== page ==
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Old Oct 27, 2009, 12:18 AM   #1
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Default My first Flying Dragons

After trying unsuccessfully for the longest time to capture a dragonfly flying, I changed my tactic and nailed one. I had been trying to use autofocus and that was not working, so I changed to manual focus and that seemed to work better. I am not totally satisfied with these, but it shows that it IS possible. I will keep shooting and hope for a perfect shot someday...

Shot with Sony A300 and Minolta 70-210 f/4 "Beercan". As usual comments/criticism welcome..

Thanks, Robert
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Old Oct 27, 2009, 12:44 AM   #2
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Really nice shots. Not perfect, but very good. I spent a few full days trying to shoot these little beasts and out of 400 shots I think I had 0 good ones. By the way your bokeh is excellent.
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Old Oct 27, 2009, 1:18 AM   #3
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Hi, Bynx, I thought I was the only one up this late... Thanks for the input, you're right about these critters being hard to shoot. As for the bokeh, I can only say this lens is great, and I shot all these at f/4, which may be why they're not as sharp or generally good as they could be. Practice...

Thanks, Robert
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Old Oct 27, 2009, 2:39 AM   #4
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Nah, Im always up. Check the time of this posting.
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Old Oct 27, 2009, 12:58 PM   #5
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I like the way the first one shows how the two pairs of wings in these beat alternately in the manner of primitive insects, rather than together as in more advanced ones. Nice capture.
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Old Oct 27, 2009, 3:40 PM   #6
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Nice shots Hawg if ya ever need to get closer call me I can get em to ride my finger...they have always loved me.... a few samples of one that has... the lake I had went by had millions of them I am going back next spring and summer with a boat to capture more... a small boat though small lake !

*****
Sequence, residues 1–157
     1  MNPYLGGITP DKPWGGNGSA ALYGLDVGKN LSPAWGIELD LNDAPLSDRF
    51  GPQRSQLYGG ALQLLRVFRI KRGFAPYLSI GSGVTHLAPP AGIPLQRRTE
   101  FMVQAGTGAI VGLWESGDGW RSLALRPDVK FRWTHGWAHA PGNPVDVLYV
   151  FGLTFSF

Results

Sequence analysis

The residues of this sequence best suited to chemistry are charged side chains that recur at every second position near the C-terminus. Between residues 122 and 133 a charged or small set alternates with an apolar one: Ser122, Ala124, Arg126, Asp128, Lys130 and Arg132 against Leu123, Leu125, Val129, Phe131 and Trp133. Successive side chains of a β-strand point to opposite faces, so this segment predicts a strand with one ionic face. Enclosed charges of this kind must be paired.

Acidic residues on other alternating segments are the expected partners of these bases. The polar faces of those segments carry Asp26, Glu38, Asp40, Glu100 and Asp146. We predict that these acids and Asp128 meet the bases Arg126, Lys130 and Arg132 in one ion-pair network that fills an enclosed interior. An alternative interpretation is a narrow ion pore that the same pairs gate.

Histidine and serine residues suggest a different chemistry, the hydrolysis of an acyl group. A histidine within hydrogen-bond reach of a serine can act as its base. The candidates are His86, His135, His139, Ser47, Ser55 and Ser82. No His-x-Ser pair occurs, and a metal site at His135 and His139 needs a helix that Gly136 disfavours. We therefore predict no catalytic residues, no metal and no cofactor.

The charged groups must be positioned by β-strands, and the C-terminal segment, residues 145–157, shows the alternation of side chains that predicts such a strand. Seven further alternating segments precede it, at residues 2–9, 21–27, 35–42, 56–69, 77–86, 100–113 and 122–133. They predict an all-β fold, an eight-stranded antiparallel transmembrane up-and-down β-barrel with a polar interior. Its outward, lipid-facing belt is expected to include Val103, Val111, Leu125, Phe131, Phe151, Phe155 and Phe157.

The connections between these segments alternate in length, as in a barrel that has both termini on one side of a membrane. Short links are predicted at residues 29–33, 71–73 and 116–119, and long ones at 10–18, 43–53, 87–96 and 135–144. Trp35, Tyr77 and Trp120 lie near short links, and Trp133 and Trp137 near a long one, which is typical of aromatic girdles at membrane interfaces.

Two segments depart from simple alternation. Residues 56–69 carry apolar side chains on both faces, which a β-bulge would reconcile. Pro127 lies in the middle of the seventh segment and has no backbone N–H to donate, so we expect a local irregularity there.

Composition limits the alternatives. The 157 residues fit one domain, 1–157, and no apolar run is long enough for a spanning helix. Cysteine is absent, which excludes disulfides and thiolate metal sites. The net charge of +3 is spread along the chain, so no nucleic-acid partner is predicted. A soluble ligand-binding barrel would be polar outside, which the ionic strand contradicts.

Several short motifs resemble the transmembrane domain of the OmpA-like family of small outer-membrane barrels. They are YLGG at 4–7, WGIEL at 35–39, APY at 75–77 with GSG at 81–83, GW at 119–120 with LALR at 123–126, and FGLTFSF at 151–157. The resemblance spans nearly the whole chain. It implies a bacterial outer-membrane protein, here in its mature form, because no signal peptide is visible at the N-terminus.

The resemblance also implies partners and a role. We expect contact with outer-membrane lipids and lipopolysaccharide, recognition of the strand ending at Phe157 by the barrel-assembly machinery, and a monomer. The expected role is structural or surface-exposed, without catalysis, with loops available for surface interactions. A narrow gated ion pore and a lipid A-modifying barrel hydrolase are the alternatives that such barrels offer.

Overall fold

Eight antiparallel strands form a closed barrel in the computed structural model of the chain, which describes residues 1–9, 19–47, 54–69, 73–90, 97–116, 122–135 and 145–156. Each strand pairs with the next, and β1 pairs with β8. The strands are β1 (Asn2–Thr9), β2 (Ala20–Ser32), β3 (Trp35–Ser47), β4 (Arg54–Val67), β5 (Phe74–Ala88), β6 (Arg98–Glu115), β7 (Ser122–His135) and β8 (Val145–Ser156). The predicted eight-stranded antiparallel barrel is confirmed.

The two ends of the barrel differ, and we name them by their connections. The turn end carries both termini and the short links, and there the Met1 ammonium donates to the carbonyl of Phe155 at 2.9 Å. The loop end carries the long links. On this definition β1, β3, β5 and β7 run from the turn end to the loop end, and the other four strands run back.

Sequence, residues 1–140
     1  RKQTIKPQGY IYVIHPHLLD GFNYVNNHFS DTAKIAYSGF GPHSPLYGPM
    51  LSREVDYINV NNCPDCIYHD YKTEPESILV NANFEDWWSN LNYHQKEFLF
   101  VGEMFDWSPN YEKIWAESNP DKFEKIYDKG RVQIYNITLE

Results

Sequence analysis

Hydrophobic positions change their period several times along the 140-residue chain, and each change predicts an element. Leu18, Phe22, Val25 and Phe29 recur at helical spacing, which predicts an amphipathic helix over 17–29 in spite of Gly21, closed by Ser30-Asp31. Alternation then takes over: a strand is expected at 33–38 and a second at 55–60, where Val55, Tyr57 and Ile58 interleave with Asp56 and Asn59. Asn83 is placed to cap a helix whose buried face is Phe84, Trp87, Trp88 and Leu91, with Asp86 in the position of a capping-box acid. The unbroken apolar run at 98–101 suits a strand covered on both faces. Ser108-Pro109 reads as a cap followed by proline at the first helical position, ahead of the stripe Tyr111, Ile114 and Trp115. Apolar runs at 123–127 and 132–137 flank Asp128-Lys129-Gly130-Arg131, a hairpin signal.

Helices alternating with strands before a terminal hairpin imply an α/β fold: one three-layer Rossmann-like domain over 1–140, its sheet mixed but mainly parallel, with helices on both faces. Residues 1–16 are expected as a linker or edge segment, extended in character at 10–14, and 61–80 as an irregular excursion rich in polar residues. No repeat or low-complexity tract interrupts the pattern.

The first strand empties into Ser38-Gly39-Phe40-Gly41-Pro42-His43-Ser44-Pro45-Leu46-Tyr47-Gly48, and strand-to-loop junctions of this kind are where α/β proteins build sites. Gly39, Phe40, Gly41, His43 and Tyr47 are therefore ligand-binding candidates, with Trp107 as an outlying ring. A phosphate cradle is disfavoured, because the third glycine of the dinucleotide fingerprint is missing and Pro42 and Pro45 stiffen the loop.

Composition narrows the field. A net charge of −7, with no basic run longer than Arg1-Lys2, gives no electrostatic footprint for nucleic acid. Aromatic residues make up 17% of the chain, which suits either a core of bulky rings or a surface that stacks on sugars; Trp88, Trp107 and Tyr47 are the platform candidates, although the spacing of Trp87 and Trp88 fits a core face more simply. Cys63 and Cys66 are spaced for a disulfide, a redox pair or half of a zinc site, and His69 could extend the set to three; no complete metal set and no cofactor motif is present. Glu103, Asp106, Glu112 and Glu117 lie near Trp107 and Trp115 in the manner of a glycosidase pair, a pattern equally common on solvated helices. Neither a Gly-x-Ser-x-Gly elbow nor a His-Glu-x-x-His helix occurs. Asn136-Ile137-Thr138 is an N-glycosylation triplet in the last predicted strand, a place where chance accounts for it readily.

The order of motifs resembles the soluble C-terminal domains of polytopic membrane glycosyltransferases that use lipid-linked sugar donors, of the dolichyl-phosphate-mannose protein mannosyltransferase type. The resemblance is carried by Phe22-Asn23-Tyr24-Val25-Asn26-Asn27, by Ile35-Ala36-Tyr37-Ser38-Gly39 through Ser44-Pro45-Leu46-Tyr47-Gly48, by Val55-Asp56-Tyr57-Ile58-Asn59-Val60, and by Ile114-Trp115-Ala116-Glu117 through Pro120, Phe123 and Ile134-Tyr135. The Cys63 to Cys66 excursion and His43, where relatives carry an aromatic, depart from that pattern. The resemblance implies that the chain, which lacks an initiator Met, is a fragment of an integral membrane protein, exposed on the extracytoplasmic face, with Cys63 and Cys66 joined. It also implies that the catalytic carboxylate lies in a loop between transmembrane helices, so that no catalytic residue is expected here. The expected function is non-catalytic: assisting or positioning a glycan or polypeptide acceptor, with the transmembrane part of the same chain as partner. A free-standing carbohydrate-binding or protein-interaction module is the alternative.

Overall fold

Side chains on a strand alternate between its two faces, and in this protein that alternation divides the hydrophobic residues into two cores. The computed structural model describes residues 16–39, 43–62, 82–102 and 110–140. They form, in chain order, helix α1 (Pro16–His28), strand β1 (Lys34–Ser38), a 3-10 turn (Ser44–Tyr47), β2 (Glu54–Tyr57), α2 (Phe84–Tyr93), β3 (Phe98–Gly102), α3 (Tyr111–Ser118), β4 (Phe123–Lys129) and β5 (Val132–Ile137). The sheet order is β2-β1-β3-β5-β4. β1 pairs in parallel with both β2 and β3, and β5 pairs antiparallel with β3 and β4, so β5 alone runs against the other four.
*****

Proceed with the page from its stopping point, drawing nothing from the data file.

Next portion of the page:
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Old Oct 27, 2009, 4:40 PM   #7
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Quote:
Originally Posted by penolta View Post
I like the way the first one shows how the two pairs of wings in these beat alternately in the manner of primitive insects, rather than together as in more advanced ones. Nice capture.
That's very interesting...I didn't realize that difference existed between primitive and more modern insects.

I don't know much about insects, but I do recall reading somewhere that some species of dragonflies were huge , back in the days of the dinosaurs.

Excellent pix to the OP. I haven't tried to stop motion on these insects...I marvel at how they dart unpredictably (to me) and hover...nature's helicopter...or I suppose it should be the other way around...given the helicopter is a relatively new device.
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Old Oct 27, 2009, 5:05 PM   #8
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There are so many species of them I had one come in my back door and lay there beating her wings I picked her up and found out what she was and of course she was in her dieing stages of life I held her as she passed sad but I did keep her around near on my desk in remembrance of her and others the one in the pictures are of another of course and I have yet to look it up got so much to do here and have been a bit out of it with a torn something in my left back neck...
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Old Oct 27, 2009, 6:19 PM   #9
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Originally Posted by Hawgwild View Post
Hi, Bynx, I thought I was the only one up this late... Thanks for the input, you're right about these critters being hard to shoot. As for the bokeh, I can only say this lens is great, and I shot all these at f/4, which may be why they're not as sharp or generally good as they could be. Practice...

Thanks, Robert
I've been trying to shoot them for years. I believe I have one or two shots comaparble to yours to show for all those years...

Dave
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Old Oct 27, 2009, 8:33 PM   #10
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Quote:
Originally Posted by penolta View Post
I like the way the first one shows how the two pairs of wings in these beat alternately in the manner of primitive insects, rather than together as in more advanced ones. Nice capture.


You know, I didn't pay too much attention to that, then after you mentioned it, I went back and looked. That is pretty neat! I always like to learn something new

Robert
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